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The Falcons of Fire and Ice by [Maitland, Karen]
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The Falcons of Fire and Ice Kindle Edition

4.0 out of 5 stars 116 customer reviews

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Length: 596 pages Word Wise: Enabled Enhanced Typesetting: Enabled
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Product description

Review

Scarily good. Imagine The Wicker Man crossed with The Birds (Marie Claire)

Ripping . . . full of colour and detail (Daily Telegraph)

A gem . . . meticulously researched (News of the World)

Captivating, unforgettable, truly compelling (In Style)

Irresistible (Sunday Telegraph)

About the Author

Karen Maitland travelled and worked in many parts of the United Kingdom before finally settling in the beautiful medieval city of Lincoln. She is the author of The White Room, Company of Liars, The Owl Killers and The Gallows Curse. The latter three titles are available as Penguin paperbacks.

Product details

  • Format: Kindle Edition
  • File Size: 1584 KB
  • Print Length: 596 pages
  • Publisher: Penguin (16 Aug. 2012)
  • Sold by: Amazon Media EU S.à r.l.
  • Language: English
  • ASIN: B008DM2SBQ
  • Text-to-Speech: Enabled
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  • Word Wise: Enabled
  • Screen Reader: Supported
  • Enhanced Typesetting: Enabled
  • Average Customer Review: 4.0 out of 5 stars 116 customer reviews
  • Amazon Bestsellers Rank: #35,301 Paid in Kindle Store (See Top 100 Paid in Kindle Store)
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Customer Reviews

Top Customer Reviews

By Denise4891💁🏻 TOP 500 REVIEWERVINE VOICE on 8 July 2012
Format: Hardcover Vine Customer Review of Free Product ( What's this? )
Karen Maitland`s latest novel, `Falcons of Fire and Ice' is set in the mid 16th century and tells the story of a young Portuguese girl, Isabela, whose father is falsely imprisoned by the Inquisition , accused of murdering the King's precious white falcons. Isabela is tasked with travelling to a far-off mysterious land (Iceland) to bring back another pair of falcons for the King, and she has just a year in which to do it - or her father will be executed.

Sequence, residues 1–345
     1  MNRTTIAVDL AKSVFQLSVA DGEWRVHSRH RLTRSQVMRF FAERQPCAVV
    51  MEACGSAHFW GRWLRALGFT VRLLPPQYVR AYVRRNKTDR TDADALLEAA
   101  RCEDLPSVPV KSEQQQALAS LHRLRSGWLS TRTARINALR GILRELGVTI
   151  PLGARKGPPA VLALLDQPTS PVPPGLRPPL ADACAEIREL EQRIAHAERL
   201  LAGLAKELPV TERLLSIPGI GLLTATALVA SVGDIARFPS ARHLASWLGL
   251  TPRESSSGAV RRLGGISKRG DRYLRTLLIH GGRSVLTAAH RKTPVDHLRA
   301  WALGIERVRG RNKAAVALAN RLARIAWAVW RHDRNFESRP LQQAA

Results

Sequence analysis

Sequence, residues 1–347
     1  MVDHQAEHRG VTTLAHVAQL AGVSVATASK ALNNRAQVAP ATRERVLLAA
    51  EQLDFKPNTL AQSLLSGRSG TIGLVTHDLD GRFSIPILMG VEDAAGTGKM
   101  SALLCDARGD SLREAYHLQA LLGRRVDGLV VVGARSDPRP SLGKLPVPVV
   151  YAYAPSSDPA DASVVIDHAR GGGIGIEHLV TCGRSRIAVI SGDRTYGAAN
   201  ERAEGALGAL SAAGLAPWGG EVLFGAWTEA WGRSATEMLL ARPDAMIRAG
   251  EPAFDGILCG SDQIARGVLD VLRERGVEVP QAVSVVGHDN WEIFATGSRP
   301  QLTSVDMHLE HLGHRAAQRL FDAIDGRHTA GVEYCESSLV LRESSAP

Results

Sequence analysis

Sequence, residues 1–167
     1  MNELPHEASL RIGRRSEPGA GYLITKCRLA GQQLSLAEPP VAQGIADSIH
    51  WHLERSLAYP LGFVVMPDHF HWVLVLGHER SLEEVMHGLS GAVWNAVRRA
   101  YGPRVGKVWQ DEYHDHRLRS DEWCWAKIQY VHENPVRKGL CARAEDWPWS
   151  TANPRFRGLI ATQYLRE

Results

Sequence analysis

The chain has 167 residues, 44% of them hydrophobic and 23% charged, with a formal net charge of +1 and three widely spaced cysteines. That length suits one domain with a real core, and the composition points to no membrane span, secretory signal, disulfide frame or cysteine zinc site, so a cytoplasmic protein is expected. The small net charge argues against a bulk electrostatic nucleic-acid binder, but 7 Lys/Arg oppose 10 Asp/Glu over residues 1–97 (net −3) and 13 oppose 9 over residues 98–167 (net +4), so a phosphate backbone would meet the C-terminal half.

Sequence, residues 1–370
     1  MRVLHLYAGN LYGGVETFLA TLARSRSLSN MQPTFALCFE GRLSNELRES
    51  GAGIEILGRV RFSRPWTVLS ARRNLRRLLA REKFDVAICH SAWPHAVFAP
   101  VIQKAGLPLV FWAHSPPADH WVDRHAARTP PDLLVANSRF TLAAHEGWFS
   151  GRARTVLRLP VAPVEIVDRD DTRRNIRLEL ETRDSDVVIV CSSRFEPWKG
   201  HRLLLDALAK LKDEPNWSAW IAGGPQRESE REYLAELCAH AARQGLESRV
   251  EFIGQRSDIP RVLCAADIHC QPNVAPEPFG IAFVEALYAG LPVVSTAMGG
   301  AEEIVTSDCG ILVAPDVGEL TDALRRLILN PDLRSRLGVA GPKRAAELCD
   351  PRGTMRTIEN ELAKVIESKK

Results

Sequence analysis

I have to admit that if I hadn't already read and loved Maitland's last three novels, that synopsis might have led me to give this one a wide berth as, whilst I love historical fiction, I have a tricky relationship with fantasy and fairy tales (eg adored The Snow Child but couldn't finish The Night Circus) and I thought this one sounded a bit too magical and mystical for my tastes, but thankfully I was wrong.

For me the book's charm lay in its engaging characters and atmospheric locations. Isabela is a feisty, determined heroine (as Maitland's tend to be). Her journey to and across Iceland is tempestuous and fraught with danger - not least at the hands of two of her travelling companions who have their own nefarious reasons for not wanting her mission to succeed. One of them, Ricardo, is a charmer and a chancer with duplicitous intentions, but despite my better judgment I found him a very likeable character who provided a welcome shot of humour and reality when things were getting a wee bit too mystical for me.
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By S Riaz HALL OF FAMETOP 50 REVIEWERVINE VOICE on 27 Jun. 2012
Format: Hardcover Vine Customer Review of Free Product ( What's this? )
Having loved all of Karen Maitland's previous books Company of Liars, The Owl Killers and The Gallows Curse, I was delighted to read her latest offering. "The Falcons of Fire and Ice" is set in Portugal, 1539, when the country is in the icy grip of the Inquisition. Isabela is the daughter of the Royal Falconer and King Sebastian loves both falcons and the company of the gentle man who tends them; but when tragedy strikes the King is able to do little to protect him, as he is just a child and his great-uncle is both Regent and the former Grand Inquisitor. When Isabela's father is arrested on false charges her only chance of obtaining his release is to bring back two extremely rare white falcons from Iceland within a year and a day.